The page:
Using LinkedIn to facilitate the job search

Using LinkedIn to Facilitate the Job Search

By Svetlana Symonenko, INALJ California

Svetlana SymonenkoSocial networks have become the channel of choice for the latest news, friends’ updates, deals, local events, weekend ideas, and many other things. But, how commonly are they used to search for jobs and/or promote yourself in the job market? Not long ago, I began to master online networking to increase my chances of getting a job.

While my story is not very typical, it may still be applicable to many exploring their career paths. I earned my MLIS from a US university, but had to return to my home country for a few years. Recently, I relocated to the US and am now re-entering the job market here. One of the new things I have noticed in the market is the increased use of social media for the job search. No wonder: essentially, it is the same proven tool of in-person networking facilitated by the internet.

I found remarkable numbers for this recent trend published in A Dozen Critical Trends That Will Affect Employment Search in 2015:

  • 63% of employers use referrals by current employees as a recruitment tool;
  • 51% of employers turn to online social media to look for candidates. It means that many positions are filled without being advertised! It also means that a job seeker needs to reach this “hidden” job market as well.
  • While the presence in the online social media appears critical for the successful job search, the quality of this presence is very important too: 55% of recruiters indicated that they have turned down candidates because of certain content on their profile or blog posts.
  • 94% of employers identify LinkedIn as a principal source of candidates (vs. 66% who use Facebook and 52% who use Twitter).

LinkedIn, while free in a basic version, offers an additional functionality through its Premium accounts; the latter, for instance, includes more ways to connect to people or an option to see how your background compares to that of the other candidates who applied for the same position. You can test the Premium functionality in a one-month free trial. I have tried it and am still considering its pros and cons, especially since the free version, in my view, offers quite a lot. LinkedIn helps you create your public online profile that you can use as:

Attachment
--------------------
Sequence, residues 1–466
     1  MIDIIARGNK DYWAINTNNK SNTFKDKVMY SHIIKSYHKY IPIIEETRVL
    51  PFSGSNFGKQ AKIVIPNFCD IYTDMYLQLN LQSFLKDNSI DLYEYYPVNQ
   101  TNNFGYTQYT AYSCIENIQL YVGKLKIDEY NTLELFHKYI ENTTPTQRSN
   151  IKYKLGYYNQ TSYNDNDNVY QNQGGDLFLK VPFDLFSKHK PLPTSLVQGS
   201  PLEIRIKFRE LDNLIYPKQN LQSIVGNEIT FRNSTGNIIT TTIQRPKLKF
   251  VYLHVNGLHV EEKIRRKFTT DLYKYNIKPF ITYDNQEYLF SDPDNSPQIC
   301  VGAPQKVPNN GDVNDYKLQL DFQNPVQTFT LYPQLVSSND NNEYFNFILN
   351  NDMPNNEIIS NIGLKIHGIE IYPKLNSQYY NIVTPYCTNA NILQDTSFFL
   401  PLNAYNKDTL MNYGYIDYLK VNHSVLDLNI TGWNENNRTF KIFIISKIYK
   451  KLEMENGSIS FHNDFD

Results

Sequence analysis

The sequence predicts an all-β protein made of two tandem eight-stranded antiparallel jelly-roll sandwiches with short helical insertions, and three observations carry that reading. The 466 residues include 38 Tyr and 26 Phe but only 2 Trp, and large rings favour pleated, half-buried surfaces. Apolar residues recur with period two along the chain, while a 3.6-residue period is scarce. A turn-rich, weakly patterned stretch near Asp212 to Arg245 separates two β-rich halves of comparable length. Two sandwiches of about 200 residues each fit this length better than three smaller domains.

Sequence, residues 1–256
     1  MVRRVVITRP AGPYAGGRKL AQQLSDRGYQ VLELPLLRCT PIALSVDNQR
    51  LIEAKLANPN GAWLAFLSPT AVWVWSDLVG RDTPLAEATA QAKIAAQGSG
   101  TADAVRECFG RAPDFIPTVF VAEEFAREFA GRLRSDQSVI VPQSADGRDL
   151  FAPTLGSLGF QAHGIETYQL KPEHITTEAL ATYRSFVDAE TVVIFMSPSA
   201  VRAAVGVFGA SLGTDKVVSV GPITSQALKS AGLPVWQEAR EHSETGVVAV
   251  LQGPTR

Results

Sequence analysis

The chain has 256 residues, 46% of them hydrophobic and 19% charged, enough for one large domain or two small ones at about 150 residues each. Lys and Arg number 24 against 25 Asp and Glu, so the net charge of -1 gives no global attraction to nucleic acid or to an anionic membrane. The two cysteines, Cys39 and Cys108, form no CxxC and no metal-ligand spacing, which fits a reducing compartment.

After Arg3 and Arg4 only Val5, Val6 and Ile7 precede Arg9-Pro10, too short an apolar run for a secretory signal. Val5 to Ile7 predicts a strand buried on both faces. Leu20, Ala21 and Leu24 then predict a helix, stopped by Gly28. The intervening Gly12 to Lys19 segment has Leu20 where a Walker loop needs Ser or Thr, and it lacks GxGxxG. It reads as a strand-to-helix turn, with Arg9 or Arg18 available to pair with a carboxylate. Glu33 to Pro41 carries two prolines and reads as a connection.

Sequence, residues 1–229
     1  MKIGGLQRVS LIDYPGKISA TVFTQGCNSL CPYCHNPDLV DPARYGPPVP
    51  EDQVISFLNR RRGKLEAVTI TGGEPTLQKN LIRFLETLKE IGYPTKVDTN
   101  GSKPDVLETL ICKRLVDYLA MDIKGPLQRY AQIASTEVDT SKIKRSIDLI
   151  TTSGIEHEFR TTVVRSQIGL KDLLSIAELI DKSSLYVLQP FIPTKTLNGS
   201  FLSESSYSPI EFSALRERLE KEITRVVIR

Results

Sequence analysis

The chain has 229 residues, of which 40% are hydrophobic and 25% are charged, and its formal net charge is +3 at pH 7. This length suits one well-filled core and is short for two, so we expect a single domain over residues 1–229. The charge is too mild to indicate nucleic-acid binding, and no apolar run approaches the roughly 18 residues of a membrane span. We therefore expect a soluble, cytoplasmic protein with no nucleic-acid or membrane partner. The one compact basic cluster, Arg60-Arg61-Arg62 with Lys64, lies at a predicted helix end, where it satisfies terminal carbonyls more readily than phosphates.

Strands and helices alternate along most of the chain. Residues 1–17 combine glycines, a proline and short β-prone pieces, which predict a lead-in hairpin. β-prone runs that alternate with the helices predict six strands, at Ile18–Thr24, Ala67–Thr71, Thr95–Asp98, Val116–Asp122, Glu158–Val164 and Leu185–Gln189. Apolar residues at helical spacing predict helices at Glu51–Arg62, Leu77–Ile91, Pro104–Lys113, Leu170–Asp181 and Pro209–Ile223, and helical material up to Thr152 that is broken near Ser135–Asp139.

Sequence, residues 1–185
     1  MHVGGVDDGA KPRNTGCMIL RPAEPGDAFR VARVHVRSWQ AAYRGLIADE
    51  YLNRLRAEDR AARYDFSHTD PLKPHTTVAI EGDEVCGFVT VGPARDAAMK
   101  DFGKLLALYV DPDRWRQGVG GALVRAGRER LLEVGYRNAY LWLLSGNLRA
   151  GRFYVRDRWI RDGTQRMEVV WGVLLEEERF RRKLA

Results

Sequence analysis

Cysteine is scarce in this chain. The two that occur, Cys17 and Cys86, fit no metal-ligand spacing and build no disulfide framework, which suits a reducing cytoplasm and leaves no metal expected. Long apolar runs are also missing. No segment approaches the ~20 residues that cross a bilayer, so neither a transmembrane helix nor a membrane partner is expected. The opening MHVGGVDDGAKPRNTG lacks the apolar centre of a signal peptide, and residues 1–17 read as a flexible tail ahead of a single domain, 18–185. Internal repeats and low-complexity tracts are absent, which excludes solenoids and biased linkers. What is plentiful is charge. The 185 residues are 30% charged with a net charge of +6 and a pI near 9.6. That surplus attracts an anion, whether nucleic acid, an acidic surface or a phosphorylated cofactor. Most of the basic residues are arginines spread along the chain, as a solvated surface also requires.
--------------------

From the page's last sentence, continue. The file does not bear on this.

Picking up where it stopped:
• a resume (and apply to some jobs advertised on LinkedIn directly from your account);
  • a portfolio (you can add files illustrating your achievements);
  • a way to update your contacts on your professional achievements;
  • a job search facilitator: the system uses your skills keywords to suggest jobs of potential interest; plus, you can set up alerts or follow a LinkedIn account of a particular employer. Some companies even link the announced position to the account of their HR manager, so that you can contact them directly;
  • a way to connect to colleagues through various professional groups (including LinkedIn accounts of actual organizations – for instance, ALA or SLA or Association of Independent Information Professionals & INALJ – to name but a very few!) – a good start for your networking.

LinkedIn offers tips to improve your profile, from adding education or work experience to suggesting key skills to showcase and providing an option to recommend someone from your connections or request a recommendation for yourself.

To wrap it up, there are social media websites that help you research jobs, present yourself, and connect to people who may facilitate your career journey. So, why not to use them? Your basic networking plan could look like this:

1. Create or update your presence on the most popular social network websites. I would begin with LinkedIn as it is geared toward the professional connections you are looking for in your job seeking process.

Hint: listen to LinkedIn suggestions on how to improve your profile; these folks have seen enough resumes and profiles to distill the best practices.

2. Establish connections with your colleagues (both, past and current).
Hint: to speed up the process, let the system mine your email contacts. You may be surprised with the treasures hidden there. Strengthen your profile with endorsements or recommendations from you connections.

3. Set up your job search alerts.

4. Identify companies you may be interested in working for. Find their LinkedIn accounts to follow.
Hint: You can also search for accounts of HR managers who work there (or, even better, use the HR contact provided for a particular position announced). Try to establish connections with them. Here is a good advice on how to leverage your network for job referral opportunities.

5. Find professional groups of interest, join them, and participate actively in discussions. There is always a chance that a group member you’ve gotten to know through a LinkedIn discussion may provide a referral for you. Plus, online professional forums sometimes have physical get-togethers, which you may be able to attend.

Networking is a skill learned by doing, so – roll up your virtual sleeves and good luck!